Tutorial: Dying with Black Tea

Being in the Textile Arts Center studio here in Brooklyn is super inspiring….especially the natural dying section. I have nervously dabbled a bit in this area, but for me, it’s always best to start with something simple that I can grasp…..so here goes my experiment with some black tea I found in the kitchen!

And guess what?! There is a little surprise to make it more interesting… I added a simple, cheap resist of Elmer’s glue…good ‘ole Elmer.

So here are the materials I used:
black tea
Elmer’s glue
four different types of natural white-ish fabrics (I found that knit cotton held the color best!)
pot with boiling water
tongs to spare my fingers from the boiling water
…..that’s it!

Step 1: Paint on your glue resist. I used paintbrushes to paint patterns, shapes, flowers and sometimes just smushed it around to see what would happen!

Step 2: Let that glue dry completely before dying. I put our swatches in front of the fan and became impatient…so then we ironed them (after placing a cloth on top!)

Here is the tea I used and the pot…you could used any kind of black tea to get a similar color. I suggest experimenting with what you have!

Step 3: Put enough water in the pot so your fabric can freely move around and turn on high heat. Once the water is boiling, throw in a good amount of tea and wait a few minutes until the color comes out.

Step 4: Leave fabric in bath until the color looks good to you, you can always get it darker by putting it back in.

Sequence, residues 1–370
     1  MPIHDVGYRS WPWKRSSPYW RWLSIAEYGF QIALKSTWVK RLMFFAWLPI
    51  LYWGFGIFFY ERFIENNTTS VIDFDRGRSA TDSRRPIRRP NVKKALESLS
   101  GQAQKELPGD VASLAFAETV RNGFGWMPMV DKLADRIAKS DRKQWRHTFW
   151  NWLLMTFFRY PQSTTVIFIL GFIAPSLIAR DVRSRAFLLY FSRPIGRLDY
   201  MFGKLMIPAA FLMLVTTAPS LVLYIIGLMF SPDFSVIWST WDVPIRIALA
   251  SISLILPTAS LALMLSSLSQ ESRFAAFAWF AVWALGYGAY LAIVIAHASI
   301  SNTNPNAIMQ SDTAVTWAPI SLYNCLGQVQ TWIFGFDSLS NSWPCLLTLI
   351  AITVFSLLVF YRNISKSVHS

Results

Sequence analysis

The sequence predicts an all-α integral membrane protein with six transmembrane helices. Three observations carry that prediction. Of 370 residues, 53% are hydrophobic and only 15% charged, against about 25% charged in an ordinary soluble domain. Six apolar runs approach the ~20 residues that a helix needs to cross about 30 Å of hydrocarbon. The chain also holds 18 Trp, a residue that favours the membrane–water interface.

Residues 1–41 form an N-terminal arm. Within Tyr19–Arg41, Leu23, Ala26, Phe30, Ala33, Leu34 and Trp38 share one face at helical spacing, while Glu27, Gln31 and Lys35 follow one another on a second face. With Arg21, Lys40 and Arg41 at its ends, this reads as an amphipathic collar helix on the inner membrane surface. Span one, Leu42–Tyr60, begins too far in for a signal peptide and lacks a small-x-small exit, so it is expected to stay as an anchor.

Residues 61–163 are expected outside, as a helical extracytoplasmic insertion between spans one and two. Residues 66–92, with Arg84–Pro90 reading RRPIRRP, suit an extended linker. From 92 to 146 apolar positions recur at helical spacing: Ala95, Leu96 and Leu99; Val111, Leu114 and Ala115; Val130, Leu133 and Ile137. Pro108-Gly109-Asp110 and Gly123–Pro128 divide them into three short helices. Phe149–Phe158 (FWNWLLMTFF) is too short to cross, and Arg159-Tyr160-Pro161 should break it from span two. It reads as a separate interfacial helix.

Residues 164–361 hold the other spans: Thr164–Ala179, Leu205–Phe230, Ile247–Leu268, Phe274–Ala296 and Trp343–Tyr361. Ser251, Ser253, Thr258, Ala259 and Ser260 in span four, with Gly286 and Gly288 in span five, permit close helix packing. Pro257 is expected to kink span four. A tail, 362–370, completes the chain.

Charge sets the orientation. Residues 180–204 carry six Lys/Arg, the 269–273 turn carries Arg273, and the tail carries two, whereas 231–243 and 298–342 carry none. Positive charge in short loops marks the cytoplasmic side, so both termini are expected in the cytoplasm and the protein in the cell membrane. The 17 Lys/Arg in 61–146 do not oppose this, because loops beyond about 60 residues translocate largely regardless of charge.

Here is a picture of some of the swatches after being removed from the bath, before we moved the glue resist.

Step 5: Remove the resist: I found that the best method was to use a scrub sponge with a bit of dish soap and water. Gently rub the fabric until the glue comes out and VOILA!


Now go experiment! And if you want to learn more about Natural Dying, check out one of the Natural Dye classes!

About Lynn Hunter

Lynn Hunter has been working in textiles and instructing at the Textile Arts Center since she returned to NYC after a long stint exploring Europe & Asia in 2013. Outside of TAC, Lynn splits her time between creatively directing at Heirloom, an antique rug company and exploring her erotic rope project Tight Rope.


  1. The swatches look great. Love the idea with the Elmer glue resist. Will try this soon. Thank you!

  2. Anjee

    I love this idea! However, will it wash out when you throw them in the laundry? How do you set the color?

  3. Sharon

    Not only will I try it for fabric, I am going to try it for the clothing I have “ruined” spilling tea on. Now it will be beautiful not stained. (Trust me the tea may lighten some, but will not come out. You could always set-it in a dryer or experiment with a vinegar bath.)

  4. Wendy

    I’m wondering what will happen when the stained fabric is washed. Would adding salt to the pot make the fabric dye stay in the cloth when washed? This is a great idea and would like to make some tea towels, no pun intended.

  5. Parisa

    I have a question, when you dye fabric that has elmer’s glue on it, do you have to dye it in the cooled off tea water or can you simmer it in the tea water? Also, I’ve heard that simmering the fabric in vinegar water beforehand allows the dye to settle better. Do you think I can do that with fabric that has glue on it or do you think the glue would come off with the heat and vinegar? Thanks!

  6. hi, thanks for great info :) posting to my mates

  7. If I don’t have a big enough pot for the fabric I’m dyeing could I use a cooled tea solution? I’m making a linen woven baby wrap so it’s 4 yards of fabric.

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